As a viewer watching “Game of Thrones” for the first two episodes of Season 4, it’s hard not to get annoyed by Shae’s resistance when Tyrion tells her they need to cool off their relationship. After all, he’s in — at least at the time — the most precarious situation he’s ever been in, and his father, Tywin, leveled some pretty serious threats at him if he ever found a prostitute in his presence again.
That’s why it’s all the more frustrating that Shae won’t just do what’s right for Tyrion. Instead, she keeps coming to him and trying to seduce him while he has larger issues to deal with — like a (now deceased) obnoxious nephew who is king and a wife who seems to be trying to starve herself to death. Then there’s Oberyn Martell, who waltzes into King’s Landing with an eye for revenge against the Lannisters. Doesn’t Shae have any sort of perspective?
According to the German actress who plays Shae, Sibel Kekilli, her character is blinded by love and jealousy. Kekilli truly believes Shae loves Tyrion and vice versa, which makes the way that he had to force her to leave in “The Lion and the Rose” all the more heartbreaking.
“She loves Sansa and she loves Tyrion. She thought, OK, it’s a new life for me that’s going to start, but then he had to marry,” Kekilli tells Zap2it as to why Shae keeps coming back to Tyrion even when he tries to get her to stop. “He was not really courageous, so he had to marry Sansa. At the same time, [she’s being pulled apart]. Should I trust him? Should I trust her? I know that they’re not doing anything, but still.”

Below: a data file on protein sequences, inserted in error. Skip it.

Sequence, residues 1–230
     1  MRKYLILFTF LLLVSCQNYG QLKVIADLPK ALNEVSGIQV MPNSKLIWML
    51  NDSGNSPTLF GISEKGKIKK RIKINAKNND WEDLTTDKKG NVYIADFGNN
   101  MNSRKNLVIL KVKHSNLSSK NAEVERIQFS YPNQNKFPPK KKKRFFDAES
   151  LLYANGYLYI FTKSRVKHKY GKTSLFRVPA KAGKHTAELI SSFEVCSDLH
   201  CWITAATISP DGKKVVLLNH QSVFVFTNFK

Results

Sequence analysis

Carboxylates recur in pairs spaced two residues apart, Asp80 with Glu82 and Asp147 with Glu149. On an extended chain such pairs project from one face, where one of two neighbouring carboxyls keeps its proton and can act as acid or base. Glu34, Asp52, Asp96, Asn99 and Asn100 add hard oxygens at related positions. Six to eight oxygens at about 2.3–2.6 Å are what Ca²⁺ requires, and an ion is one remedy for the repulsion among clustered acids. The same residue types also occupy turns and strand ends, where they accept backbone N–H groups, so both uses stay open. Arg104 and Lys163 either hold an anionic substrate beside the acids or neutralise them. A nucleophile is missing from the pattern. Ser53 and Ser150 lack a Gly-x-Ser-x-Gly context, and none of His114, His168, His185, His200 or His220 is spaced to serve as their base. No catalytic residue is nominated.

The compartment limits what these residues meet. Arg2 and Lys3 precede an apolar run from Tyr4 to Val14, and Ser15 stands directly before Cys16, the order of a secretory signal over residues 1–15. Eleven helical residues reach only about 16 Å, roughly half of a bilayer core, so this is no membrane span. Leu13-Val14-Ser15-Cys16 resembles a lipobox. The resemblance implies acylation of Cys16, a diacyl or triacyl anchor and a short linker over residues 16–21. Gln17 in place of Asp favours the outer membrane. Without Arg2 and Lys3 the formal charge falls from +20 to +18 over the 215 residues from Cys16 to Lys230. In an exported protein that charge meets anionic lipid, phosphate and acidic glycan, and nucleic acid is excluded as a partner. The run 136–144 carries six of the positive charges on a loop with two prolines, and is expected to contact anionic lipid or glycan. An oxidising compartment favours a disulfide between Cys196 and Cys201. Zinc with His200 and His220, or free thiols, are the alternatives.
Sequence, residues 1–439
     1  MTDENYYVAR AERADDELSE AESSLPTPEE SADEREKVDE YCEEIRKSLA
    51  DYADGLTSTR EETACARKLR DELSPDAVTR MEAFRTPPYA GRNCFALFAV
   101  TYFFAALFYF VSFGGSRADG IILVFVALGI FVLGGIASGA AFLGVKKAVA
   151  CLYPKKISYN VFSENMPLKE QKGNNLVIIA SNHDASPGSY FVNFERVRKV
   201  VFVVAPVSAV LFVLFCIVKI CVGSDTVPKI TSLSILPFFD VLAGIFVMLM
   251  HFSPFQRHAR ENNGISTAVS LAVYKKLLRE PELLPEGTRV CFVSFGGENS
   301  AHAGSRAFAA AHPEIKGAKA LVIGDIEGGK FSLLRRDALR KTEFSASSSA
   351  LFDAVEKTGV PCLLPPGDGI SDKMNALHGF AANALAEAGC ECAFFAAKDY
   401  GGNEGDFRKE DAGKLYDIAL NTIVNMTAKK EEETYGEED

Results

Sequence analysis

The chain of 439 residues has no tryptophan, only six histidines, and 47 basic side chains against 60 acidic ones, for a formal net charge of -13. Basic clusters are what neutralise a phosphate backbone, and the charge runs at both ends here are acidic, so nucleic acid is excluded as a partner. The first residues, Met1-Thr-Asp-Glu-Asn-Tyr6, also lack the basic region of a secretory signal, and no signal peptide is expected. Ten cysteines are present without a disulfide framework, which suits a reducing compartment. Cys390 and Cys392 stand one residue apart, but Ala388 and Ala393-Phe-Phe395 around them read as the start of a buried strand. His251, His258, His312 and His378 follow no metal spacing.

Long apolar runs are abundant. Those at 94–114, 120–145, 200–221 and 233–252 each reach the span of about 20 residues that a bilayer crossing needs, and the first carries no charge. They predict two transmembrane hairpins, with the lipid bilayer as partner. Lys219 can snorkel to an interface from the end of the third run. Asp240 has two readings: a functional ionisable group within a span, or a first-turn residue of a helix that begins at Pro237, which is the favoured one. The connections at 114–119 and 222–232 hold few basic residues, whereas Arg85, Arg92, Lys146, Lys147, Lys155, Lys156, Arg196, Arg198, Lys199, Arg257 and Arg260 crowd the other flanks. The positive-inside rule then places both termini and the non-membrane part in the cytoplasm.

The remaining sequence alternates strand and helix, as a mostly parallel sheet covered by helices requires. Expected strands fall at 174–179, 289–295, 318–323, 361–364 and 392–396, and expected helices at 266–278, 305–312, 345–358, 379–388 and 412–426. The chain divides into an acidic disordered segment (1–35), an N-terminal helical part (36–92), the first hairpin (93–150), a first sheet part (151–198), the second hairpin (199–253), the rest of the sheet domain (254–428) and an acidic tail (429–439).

Shae also seems to be jealous of the non-relationship between Sansa and Tyrion. He twists that knife when he sends her away by saying at least Sansa is fit to bear him children, which plays upon one of Shae’s fears. “He’s a man and [Sansa’s] a woman, she’s growing up, so maybe they fall in love with each other — that’s the point where she gets vulnerable, and she’s really insecure,” Kekilli says.
Even Kekilli had some concerns about the way Shae was acting around Tyrion. She admits she went to showrunners David Benioff and D.B. Weiss and said, “I mean, come on. Shae is not stupid. She has to feel it, she has to know it,” but they needed to make a convincing break between the characters.
“They had to write something which is really, really hard to explain to the audience, this trust break between them,” Kekilli says. “I think [sighs] she’s not stupid. As she says to him, ‘Hey, look, you are afraid of your father, of your brother, and everyone. Come on, you don’t have to lie to me.’ At a certain point, when he says ‘You’re a whore,’ I think it’s the first time Tyrion says that to her and treats her like that — ‘You can’t bear a child’ and ‘You are too old’ and that kind of thing — so I think then it’s over the level for her. She just gets over the border.”
And though Bronn says he sent Shae away to Pentos, Kekilli reveals that might not be the last people hear of her character. “If you’re hurt, if someone hurts you, sometimes you really get crazy and you can’t think in the normal calm down way, so I think it’s at that point,” she says. “He just put the knife in her heart, so now she can’t think anymore. She’s not acting clever.”
“Game of Thrones” airs Sundays at 9 p.m. ET/PT on HBO.